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Cost benefits of flexibility

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Distribution Network Operators are committed to openly comparing reinforcement and market flexibility solutions for new projects but what does that mean in practice?

                       

Increasing amounts of low carbon generation plus an electric vehicle revolution mean that flexibility has become one of the new buzzwords when it comes to managing distribution networks.

It involves encouraging half-hourly metered customers who can reduce their electrical consumption or increase their on-site generation to contract to provide services in constraint managed zones.

For new customers wanting to connect, comparing market flexibility means receiving a second quote alongside traditional reinforcement costs.

Significant reinforcement schemes will require a flexibility assessment, which will ascertain whether the costs of providing flexibility services exceed the costs of standard reinforcement,” says Network Strategy Team Manager Ben Godfrey.

If it does then WPD will use Flexible Power to seek expressions of interest from third party providers.

Part of becoming a Distribution System Operator is a requirement to facilitate neutral markets. What that means is that not only must we continue to provide the best value to customers but we have to do that by using whatever means available.

This process results in the first flexibility services we are offering and we are looking to the market to respond. As the smart grid develops we will be offering more options – reactive power to provide other options for managing voltage or helping local generators provide black start services for the national system operator, for instance.”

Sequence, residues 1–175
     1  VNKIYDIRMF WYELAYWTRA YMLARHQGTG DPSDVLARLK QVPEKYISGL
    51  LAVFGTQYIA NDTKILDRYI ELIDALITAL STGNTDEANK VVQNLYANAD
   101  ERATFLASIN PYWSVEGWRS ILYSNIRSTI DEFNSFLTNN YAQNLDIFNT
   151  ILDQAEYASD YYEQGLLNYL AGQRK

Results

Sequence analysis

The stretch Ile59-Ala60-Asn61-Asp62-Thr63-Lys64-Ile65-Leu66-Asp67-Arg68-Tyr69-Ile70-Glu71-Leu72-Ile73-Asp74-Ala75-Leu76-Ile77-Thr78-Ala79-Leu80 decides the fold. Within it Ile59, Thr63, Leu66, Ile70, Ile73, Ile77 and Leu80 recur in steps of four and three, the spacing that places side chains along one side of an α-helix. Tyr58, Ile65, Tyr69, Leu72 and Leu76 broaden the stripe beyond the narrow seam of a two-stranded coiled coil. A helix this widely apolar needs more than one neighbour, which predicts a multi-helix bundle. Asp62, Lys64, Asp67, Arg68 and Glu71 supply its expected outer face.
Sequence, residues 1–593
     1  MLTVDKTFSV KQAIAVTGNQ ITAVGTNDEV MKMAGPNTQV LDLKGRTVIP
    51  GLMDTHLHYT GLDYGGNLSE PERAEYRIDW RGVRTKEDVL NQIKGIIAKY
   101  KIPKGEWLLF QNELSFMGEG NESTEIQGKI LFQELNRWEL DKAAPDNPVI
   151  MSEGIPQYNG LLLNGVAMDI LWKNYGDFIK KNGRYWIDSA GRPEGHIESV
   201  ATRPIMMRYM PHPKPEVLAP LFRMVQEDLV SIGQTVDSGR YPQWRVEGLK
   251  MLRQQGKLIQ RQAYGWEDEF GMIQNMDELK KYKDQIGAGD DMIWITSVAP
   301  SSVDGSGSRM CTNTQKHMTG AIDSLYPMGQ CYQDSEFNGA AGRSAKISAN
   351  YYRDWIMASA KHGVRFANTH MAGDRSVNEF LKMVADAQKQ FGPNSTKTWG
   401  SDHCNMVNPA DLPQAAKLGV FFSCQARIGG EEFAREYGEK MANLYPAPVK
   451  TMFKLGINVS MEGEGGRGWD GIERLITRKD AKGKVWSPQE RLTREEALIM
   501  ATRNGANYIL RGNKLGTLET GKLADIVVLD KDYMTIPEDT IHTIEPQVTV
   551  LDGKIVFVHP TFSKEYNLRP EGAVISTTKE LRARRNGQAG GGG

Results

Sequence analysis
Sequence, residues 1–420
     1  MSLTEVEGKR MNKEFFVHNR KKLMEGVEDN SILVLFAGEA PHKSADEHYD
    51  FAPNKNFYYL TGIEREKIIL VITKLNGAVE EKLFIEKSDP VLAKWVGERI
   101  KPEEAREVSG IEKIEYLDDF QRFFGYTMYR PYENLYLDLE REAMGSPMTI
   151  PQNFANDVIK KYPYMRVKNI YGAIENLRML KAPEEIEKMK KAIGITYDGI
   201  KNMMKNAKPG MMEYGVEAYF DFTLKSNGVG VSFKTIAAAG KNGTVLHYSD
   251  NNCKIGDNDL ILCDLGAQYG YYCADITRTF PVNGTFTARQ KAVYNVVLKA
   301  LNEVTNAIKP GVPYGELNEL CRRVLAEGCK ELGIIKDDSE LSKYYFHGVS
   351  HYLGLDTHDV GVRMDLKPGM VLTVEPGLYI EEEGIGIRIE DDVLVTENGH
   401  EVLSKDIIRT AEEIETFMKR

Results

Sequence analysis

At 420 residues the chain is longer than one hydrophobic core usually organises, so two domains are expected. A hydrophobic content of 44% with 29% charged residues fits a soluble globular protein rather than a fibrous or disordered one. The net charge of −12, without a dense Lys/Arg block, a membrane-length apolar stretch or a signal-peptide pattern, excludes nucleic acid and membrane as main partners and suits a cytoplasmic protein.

Flexible Power offers three products: Secure, Dynamic and Restore. Between them, they cover the following scenarios:

  • Scheduled Constraint Management – for example, reducing demand over an evening peak period to mitigate risk of overloading the network.
  • Pre-fault Constraint Management – enables WPD to ask for a change in a customer’s output based on load forecasts; this can be done manually or automatically and could take place during a cold snap.
  • Post-fault Constraint Management – WPD is able to ask a customer to change output when a fault occurs on the network; the service is more likely to be automated and will only be called upon if loading is beyond the post fault rating of the remaining assets.
  • Restoration Support – following loss of supply WPD can instruct a provider to either remain off supply, or to reconnect with lower demand, to support increased and faster load restoration under depleted network conditions.